Visible facial spider veins are very common as we age. They are usually only a cosmetic concern and not cause for alarm, but why do they appear? Are there ways to prevent them? How can you treat facial spider veins? Keep reading to learn more!
Understanding Facial Spider Veins
Facial spider veins, also known medically as telangiectasia, are small patches of broken blood vessels — not unlike spider veins that can appear on our legs, behind our knees, on our ankles and heels, and on our feet. Broken blood vessels tend to appear on areas of thinning skin, and our faces have some of the most delicate, sensitive, and papery skin on our entire body. Because of the thinness of the skin around our eyes, nose, cheeks, and on our eyelids, as well as near-constant sun and weather exposure on our faces, this skin is particularly susceptible to developing broken capillaries and blood vessels. We routinely protect the rest of our bodies from extreme heat, cold, and UV rays, but our faces are almost always exposed without protections on a daily basis.
How to Prevent Veins on the Face
The most important thing to remember about spider veins on the face, or broken blood vessels on the cheeks and nose, is that they are usually just a harmless “side effect” of aging. Living a life in the sun, wind, and rain eventually shows on our bodies, and may be an unavoidable part of aging depending on your personal predispositions. Genetics play a large role in how our bodies change with time, so if you have family members with broken blood vessels on their faces, it may indicate that you, too, could develop visible pigmentation on your face. This is not always the case, as certain preventative measures can lessen the odds of developing spider veins on the face.
- Avoiding direct sun exposure (without proper protection) is the strongest way to take care of the delicate skin on your face. Wearing sunscreen or other SPF products of (minimum) 50 rating has been proven to prevent and reduce the visible signs of aging and protect against some skin cancers.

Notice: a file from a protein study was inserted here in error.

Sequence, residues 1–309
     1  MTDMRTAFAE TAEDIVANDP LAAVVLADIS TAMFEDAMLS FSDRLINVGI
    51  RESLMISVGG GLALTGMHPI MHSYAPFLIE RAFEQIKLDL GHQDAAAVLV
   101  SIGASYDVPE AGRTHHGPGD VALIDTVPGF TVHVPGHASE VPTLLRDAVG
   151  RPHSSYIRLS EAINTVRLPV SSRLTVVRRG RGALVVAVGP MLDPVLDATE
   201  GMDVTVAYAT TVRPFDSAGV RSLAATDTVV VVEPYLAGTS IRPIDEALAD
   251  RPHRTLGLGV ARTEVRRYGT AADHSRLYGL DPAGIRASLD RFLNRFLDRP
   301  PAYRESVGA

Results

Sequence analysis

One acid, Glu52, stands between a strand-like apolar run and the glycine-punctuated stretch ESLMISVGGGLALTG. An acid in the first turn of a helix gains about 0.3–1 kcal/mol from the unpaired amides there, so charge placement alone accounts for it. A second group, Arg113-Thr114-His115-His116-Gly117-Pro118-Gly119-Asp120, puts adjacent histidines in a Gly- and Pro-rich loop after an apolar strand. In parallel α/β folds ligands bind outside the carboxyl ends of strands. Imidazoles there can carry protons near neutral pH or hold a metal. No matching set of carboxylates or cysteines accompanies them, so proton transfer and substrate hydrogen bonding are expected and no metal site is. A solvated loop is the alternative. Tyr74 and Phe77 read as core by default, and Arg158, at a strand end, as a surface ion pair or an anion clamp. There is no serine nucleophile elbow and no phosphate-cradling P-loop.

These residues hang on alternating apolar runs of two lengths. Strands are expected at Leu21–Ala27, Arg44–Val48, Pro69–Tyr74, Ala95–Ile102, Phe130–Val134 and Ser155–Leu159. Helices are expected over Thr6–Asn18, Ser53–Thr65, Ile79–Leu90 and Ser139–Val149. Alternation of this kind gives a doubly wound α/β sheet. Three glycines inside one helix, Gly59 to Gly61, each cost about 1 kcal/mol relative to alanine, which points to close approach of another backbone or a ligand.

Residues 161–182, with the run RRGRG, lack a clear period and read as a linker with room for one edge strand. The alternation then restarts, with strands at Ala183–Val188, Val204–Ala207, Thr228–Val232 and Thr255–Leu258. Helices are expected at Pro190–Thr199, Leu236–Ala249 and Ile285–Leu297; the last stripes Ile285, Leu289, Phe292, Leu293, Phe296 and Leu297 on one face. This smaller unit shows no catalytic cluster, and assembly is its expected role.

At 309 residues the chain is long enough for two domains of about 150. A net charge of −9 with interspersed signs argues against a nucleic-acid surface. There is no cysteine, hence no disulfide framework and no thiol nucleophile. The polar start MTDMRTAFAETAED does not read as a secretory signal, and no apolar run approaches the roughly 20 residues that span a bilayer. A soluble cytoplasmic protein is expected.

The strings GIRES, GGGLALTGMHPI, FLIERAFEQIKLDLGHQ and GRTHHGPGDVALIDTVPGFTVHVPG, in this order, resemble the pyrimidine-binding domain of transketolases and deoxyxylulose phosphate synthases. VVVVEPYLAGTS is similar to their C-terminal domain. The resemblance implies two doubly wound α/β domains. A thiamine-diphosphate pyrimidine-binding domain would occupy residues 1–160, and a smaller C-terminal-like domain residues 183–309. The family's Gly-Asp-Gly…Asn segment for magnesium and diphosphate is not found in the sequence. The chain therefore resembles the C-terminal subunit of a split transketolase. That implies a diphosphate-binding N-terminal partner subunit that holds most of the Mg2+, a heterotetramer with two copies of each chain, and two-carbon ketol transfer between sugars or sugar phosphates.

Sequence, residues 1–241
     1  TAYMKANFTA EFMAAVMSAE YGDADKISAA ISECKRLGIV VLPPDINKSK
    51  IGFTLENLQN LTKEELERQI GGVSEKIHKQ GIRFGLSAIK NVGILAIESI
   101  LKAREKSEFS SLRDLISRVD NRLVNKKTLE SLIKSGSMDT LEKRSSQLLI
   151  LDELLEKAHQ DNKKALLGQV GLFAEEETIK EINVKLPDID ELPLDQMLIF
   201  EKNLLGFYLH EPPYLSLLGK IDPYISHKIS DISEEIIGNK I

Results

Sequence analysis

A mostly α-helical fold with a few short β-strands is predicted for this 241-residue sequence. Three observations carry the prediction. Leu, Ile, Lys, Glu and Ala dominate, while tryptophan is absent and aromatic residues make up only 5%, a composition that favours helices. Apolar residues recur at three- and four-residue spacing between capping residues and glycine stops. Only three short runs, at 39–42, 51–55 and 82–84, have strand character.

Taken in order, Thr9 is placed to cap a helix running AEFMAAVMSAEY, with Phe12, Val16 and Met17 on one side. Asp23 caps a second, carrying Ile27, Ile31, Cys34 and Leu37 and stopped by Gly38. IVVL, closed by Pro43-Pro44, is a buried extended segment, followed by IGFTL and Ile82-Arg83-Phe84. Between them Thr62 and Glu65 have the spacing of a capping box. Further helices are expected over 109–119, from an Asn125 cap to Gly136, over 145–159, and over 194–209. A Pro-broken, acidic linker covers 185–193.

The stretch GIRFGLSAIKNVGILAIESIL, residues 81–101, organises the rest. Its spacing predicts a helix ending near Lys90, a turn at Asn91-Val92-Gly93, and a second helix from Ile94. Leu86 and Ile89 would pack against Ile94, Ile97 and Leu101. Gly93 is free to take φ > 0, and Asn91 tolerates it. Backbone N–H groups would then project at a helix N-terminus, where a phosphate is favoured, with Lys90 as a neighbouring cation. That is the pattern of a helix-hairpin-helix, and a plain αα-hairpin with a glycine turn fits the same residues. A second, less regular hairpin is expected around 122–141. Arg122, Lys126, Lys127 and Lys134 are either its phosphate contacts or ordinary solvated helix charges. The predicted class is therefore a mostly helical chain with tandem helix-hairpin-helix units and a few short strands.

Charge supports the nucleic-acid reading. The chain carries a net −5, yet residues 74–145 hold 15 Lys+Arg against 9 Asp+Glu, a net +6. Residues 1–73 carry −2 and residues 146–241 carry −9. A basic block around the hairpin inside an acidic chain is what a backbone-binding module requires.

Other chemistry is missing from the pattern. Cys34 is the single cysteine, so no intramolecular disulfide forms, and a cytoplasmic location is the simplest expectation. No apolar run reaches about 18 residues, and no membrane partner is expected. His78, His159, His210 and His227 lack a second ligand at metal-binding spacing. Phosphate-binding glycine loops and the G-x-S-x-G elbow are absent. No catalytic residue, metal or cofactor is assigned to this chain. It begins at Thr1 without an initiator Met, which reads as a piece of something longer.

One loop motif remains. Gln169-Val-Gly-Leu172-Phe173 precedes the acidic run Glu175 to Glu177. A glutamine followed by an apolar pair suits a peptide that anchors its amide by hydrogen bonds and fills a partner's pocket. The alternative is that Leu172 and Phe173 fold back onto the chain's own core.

- Reducing alcohol consumption protects your liver from damage that can result in skin conditions, and decreases the likelihood of broken blood vessels in the face. Alcohol is a vasodilator when consumed at moderate levels, meaning it expands your veins, but at high intake levels, it acts as a vasoconstrictor and tightens the veins. This increases pressure and leads to redness in the face or broken blood vessels in some people who are heavy drinkers.
- Do not use corticosteroids for more than the prescribed time frame. Those dealing with chronic skin conditions such as eczema or psoriasis may be prescribed topical steroids, which decrease the symptoms of the conditions but weaken and thin skin with extended use. Speak with your prescribing doctor about the best practices for using your topical steroids.
What Are the Risk Factors for Developing Spider Veins on the Face?
There are many genetic factors that cause predisposition to developing broken blood vessels on the face and/or facial spider veins. Some, like having a certain autoimmune disease, are outside of our control. Others, like drinking responsibly or tanning, can be adjusted to help decrease the risk of developing visible veins on the face. Common risk factors include (but are not limited to):